[PHOTO:The Easter Egg Roll on the South Lawn]

One of Mrs. Clinton's responsibilities as First Lady is to oversee the White House special events. Here, a child at the 1998 Easter Egg Roll pushes his egg along the South Lawn.

[PHOTO: Mrs. Clinton showcases 1997 White 
House Christmas Tree]


The holiday season is another popular time at the White House. Every year, the Christmas tree in the Blue Room is a favorite attraction for the tour goers. For Christmas 1997, the President and First Lady chose Santa's Workshop as the holiday theme, and invited artists from around the country to design ornaments for the tree, including creative versions of "Santa's suit", designed by fashion designers, along with glass and needlepoint ornaments depicting characters, scenes, and imagery from Santa's Workshop. Here, the First Lady shows visitors a few of her favorite ornaments on the White House Christmas Tree.

[PHOTO: Mrs. Clinton at opening of VI Sculpture Garden 


[PHOTO: An Exhibit from the Native American Sculpture Garden 


The First Lady loves art, and she has said that sculpture is one of her favorite art forms. In fact, her first date with President Clinton was in the sculpture garden at Yale University. As First Lady, Mrs. Clinton worked with the Committee for the Preservation of the White House, and the White House Historical Society to bring an exhibit of contemporary American sculpture to the White House.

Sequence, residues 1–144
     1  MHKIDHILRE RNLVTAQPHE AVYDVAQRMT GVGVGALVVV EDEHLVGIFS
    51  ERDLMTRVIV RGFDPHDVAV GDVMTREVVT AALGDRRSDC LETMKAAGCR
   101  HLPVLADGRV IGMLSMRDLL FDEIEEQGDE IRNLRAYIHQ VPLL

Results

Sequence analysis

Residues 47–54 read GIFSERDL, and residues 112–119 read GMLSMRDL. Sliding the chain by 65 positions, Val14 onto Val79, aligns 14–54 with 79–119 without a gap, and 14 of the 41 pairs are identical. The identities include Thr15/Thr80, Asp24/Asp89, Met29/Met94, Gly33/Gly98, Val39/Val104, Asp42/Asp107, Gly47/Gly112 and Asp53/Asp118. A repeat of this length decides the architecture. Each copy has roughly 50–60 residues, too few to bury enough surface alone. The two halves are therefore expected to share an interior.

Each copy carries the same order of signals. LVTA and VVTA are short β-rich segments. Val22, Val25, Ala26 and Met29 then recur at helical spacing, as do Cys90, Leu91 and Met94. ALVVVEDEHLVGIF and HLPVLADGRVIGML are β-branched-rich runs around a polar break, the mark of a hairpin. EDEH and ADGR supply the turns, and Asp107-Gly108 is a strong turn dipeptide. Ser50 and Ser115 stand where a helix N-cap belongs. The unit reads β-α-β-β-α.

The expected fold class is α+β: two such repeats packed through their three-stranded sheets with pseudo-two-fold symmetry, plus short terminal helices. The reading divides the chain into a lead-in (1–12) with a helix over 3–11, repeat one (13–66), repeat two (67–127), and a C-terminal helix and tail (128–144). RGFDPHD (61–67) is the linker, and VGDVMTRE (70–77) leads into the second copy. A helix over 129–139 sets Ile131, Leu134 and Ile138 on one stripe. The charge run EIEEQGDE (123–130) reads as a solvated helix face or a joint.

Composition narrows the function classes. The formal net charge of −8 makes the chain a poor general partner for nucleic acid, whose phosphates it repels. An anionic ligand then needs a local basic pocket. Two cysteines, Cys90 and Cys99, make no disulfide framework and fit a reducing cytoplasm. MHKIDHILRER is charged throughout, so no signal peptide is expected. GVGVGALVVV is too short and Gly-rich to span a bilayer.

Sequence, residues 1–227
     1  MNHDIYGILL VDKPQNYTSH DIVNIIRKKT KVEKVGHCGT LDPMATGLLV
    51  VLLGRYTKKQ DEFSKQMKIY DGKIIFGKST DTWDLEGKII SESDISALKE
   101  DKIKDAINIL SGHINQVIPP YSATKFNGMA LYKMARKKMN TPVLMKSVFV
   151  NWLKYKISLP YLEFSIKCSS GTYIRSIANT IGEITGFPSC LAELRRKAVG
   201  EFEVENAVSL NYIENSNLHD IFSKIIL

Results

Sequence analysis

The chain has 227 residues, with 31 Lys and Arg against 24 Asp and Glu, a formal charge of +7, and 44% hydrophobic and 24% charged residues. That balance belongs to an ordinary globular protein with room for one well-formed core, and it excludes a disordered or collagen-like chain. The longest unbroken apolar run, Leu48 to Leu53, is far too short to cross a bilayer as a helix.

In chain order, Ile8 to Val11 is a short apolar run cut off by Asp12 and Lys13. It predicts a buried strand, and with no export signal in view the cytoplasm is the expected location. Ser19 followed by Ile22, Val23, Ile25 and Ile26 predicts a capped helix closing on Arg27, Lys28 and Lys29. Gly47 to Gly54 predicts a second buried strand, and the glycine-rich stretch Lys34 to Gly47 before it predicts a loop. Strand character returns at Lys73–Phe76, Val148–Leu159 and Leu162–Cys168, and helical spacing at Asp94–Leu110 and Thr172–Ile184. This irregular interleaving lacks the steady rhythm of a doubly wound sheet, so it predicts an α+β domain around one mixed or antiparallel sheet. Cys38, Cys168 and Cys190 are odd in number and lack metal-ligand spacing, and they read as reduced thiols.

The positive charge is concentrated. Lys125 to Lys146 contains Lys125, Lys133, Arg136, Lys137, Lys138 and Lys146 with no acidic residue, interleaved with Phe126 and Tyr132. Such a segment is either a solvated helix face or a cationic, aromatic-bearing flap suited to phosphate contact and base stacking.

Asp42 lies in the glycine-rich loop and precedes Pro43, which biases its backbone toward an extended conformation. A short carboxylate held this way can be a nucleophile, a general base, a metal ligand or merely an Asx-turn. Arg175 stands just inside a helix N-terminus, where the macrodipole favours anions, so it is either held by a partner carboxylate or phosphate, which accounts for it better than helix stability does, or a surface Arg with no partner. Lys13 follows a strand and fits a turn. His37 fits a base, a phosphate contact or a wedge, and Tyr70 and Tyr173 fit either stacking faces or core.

The current installation in the series, "Twentieth Century American Sculpture at the White House," is subtitled "Honoring Native America". This is the first showing ever in the nation's capitol of a large and representative collection of contemporary Native American sculpture. Previous installations have focused on the different geographical regions of the country. In establishing this exhibit, the First Lady wanted to showcase the best of American sculpture, in America's home, making it accessible to the thousands of people who visit the White House everyday.

Like her predecessors, First Lady Hillary Rodham Clinton brings to the role of First Lady of the United States her own special talents, experience, and interests.